The maelstrom network service troubleshooting via ineffective procedures
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The Maelstrom: Network Service Troubleshooting Via “Ineffective Procedures”. Alva L. Couch, couch@eecs.tufts.edu Noah Daniels, ndaniels@eecs.tufts.edu Tufts University, Medford MA USA http://www.eecs.tufts.edu/~couch/maelstrom. Network Troubleshooting.

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The maelstrom network service troubleshooting via ineffective procedures

The Maelstrom: Network Service Troubleshooting Via “Ineffective Procedures”

Alva L. Couch, couch@eecs.tufts.edu

Noah Daniels, ndaniels@eecs.tufts.edu

Tufts University, Medford MA USA

http://www.eecs.tufts.edu/~couch/maelstrom


Network troubleshooting
Network Troubleshooting

  • Target problem: automate network troubleshooting.

  • Starting point: list of services to assure.

  • Easy part: how to assure one service.

  • Hard part: precedences between assurance tasks.


Dreams
Dreams

  • Quicker response to network problems.

  • More collaboration.

  • Less “boring” work.

  • Acceptable losses!


Silly example
Silly Example

A: network up

E: nfs server up

B: nis bound

D: home dirs available

C: commands work


Ideal plug and play automation
Ideal: “Plug and Play” Automation

  • Grab the scripts that you need from others.

  • Scripts all just “get along” and work together.

  • Make script writers work harder.

  • So administrators’ work is easier!


Let s automate
Let’s Automate!

  • Suppose we write scripts A,B,C,D,E to check and repair corresponding functions.

  • Normally, we’d have to remember to run them in the order “A B E D C”.

  • We’d usually do that by predeclaring precedences: B:A means “B must follow A”.


Predeclaring precedences
Predeclaring Precedences

E:A

A: network up

E: nfs server up

B:A

D:A

D:E

B: nis bound

D: home dirs available

C:B

C:D

C: commands work

B:AC:BC:DD:AD:EE:A


Predeclaring precedences is a pain
Predeclaring PrecedencesIs a Pain!

  • Must know precedences beforehand.

  • Must update precedences whenever you add or remove a script.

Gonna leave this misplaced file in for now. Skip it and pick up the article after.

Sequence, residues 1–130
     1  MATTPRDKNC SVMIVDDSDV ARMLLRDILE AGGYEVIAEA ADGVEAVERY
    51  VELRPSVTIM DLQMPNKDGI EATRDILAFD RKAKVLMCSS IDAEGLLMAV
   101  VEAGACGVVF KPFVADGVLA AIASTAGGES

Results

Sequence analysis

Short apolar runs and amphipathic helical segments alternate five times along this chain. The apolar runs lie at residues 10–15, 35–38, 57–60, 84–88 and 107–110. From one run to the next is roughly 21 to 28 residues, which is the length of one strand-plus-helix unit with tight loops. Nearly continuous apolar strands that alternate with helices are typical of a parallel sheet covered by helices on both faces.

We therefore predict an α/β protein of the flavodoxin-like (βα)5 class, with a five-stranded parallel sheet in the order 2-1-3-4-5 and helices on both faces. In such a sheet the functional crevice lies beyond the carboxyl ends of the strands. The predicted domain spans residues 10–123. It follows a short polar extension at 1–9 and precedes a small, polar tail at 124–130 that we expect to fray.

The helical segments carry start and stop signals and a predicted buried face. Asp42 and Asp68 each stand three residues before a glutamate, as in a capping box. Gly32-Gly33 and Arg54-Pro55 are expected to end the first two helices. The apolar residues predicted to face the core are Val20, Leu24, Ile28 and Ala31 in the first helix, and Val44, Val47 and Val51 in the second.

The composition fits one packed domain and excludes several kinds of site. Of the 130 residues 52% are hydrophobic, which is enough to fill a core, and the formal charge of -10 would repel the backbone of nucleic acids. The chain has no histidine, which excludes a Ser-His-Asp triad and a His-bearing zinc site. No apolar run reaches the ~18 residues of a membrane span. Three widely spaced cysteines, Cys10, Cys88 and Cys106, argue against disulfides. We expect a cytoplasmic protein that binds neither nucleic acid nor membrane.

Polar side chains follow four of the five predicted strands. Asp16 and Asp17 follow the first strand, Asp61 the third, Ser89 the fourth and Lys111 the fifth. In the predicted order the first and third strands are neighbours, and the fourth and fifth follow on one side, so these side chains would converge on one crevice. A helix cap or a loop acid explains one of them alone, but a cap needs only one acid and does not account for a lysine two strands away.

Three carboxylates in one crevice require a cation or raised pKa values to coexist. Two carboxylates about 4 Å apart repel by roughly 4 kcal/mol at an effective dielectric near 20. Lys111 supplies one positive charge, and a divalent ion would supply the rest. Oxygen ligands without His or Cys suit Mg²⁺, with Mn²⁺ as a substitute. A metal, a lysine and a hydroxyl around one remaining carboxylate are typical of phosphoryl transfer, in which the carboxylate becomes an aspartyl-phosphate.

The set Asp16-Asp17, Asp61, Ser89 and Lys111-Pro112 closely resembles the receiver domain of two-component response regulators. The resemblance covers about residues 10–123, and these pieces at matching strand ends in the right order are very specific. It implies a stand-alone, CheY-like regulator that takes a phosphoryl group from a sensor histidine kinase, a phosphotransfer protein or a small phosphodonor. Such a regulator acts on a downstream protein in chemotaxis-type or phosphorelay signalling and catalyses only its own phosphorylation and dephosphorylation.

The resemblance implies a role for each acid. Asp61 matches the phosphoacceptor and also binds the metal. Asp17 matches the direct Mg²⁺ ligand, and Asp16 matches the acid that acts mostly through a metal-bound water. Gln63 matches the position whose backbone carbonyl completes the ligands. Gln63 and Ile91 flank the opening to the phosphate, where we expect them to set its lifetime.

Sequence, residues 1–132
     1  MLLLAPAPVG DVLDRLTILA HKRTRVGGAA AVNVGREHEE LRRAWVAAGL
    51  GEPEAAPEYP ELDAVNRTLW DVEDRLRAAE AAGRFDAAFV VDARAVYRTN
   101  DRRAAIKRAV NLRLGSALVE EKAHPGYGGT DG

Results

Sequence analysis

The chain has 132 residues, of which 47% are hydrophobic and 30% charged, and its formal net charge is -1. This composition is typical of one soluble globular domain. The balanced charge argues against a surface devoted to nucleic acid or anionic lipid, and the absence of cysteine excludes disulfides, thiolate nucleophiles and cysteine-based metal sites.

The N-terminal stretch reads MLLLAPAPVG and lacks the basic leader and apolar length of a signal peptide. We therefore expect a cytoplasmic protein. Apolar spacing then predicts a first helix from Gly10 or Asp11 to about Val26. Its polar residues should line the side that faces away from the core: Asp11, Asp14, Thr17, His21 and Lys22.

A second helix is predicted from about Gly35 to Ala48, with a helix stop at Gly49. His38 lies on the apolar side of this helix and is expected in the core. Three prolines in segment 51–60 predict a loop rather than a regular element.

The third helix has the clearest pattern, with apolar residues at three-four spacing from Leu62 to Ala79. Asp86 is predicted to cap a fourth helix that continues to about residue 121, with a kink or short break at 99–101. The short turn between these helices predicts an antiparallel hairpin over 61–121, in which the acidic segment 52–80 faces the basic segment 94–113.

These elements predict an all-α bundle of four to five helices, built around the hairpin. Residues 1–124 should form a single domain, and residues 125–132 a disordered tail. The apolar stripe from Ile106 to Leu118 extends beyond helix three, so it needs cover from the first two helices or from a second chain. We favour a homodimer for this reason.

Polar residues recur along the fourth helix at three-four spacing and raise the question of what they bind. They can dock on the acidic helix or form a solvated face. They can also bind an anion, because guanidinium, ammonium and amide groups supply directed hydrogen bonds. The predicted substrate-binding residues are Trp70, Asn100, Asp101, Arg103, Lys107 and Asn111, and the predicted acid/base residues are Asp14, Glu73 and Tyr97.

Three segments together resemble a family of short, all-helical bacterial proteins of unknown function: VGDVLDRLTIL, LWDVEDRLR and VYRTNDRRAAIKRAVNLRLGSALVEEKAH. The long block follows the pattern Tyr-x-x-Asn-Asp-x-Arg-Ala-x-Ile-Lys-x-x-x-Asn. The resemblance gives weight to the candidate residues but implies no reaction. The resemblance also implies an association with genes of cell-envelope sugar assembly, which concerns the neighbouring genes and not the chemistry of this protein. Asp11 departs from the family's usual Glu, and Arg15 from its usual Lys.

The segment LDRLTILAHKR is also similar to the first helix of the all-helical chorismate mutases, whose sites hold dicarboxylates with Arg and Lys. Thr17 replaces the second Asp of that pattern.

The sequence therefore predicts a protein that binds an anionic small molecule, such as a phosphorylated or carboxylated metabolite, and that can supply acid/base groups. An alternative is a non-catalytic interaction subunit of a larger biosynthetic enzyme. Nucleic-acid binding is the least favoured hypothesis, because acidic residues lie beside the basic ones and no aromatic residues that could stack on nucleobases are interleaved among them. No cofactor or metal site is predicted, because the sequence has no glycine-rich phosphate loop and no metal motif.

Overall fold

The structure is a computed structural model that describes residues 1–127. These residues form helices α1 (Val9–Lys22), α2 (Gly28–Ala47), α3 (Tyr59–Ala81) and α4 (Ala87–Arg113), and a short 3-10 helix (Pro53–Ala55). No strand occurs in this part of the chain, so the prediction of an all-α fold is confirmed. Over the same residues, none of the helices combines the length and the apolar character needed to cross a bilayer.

• In some cases, precedences are unknown or dynamic!

  • In this case, any fixed orderis anineffective procedure for troubleshooting some problems.


One ineffective procedure
One Ineffective Procedure

F: filesystem OK

No fixed order

will ensure success.

G: fsck command in filesystem OK

“Chicken and Egg” problem!


Discovering order
Discovering Order

  • Suppose that A,B,C,D,E are crafted so that:

    • They fail robustly when called at the wrong time.

    • They tell you when they fail.

    • They don’t undo each other’s actions.

  • Then we mayinfer their required executionorder from their behavior rather than declaring precedences beforehand!


Permutation embedding
Permutation Embedding

  • For a set of objects x1,x2,…,xn, all permutations of the objects are embedded in the string containing n-1 copies of x1,…,xn, followed by x1.

  • E.g., x1,…,xn,x1,…,xn,…..,x1,…xn,x1

n-1 copies

trailing x1


Example of permutation embedding
Example of Permutation Embedding


Exploiting permutation embedding
Exploiting Permutation Embedding

  • Don’t record precedences.

  • Try scripts in embedding sequence.

  • Record successes.

  • Don’t repeat trials that succeed.

  • Retry scripts that fail.

  • Until all succeed!


Discovering order 1
Discovering Order (1)

Precedences

Execution order

A

E

AB C D E

A B C D E

A B C D E

A B C D E

A

B

D

C

Discovered order:

A


Discovering order 2
Discovering Order (2)

Precedences

Execution order

A

E

ABC D E

A B C D E

A B C D E

A B C D E

A

B

D

C

Discovered order:

A B


Discovering order 3
Discovering Order (3)

Precedences

Execution order

A

E

AB C D E

A B C D E

A B C D E

A B C D E

A

B

D

C

Discovered order:

A B


Discovering order 4
Discovering Order (4)

Precedences

Execution order

A

E

AB C D E

A B C D E

A B C D E

A B C D E

A

B

D

C

Discovered order:

A B


Discovering order 5
Discovering Order (5)

Precedences

Execution order

A

E

AB C DE

A B C D E

A B C D E

A B C D E

A

B

D

C

Discovered order:

A B E


Discovering order 6
Discovering Order (6)

Precedences

Execution order

A

E

AB C DE

A B C D E

A B C D E

A B C D E

A

B

D

C

Discovered order:

A B E


Discovering order 7
Discovering Order (7)

Precedences

Execution order

A

E

AB C DE

A B C D E

A B C D E

A B C D E

A

B

D

C

Discovered order:

A B E


Discovering order 8
Discovering Order (8)

Precedences

Execution order

A

E

AB C DE

A BC D E

A B C D E

A B C D E

A

B

D

C

Discovered order:

A B E


Discovering order 9
Discovering Order (9)

Precedences

Execution order

A

E

AB C DE

ABCD E

A B C D E

A B C D E

A

B

D

C

Discovered order:

A B E D


Discovering order 10
Discovering Order (10)

Precedences

Execution order

A

E

AB C DE

ABCDE

A B C D E

A B C D E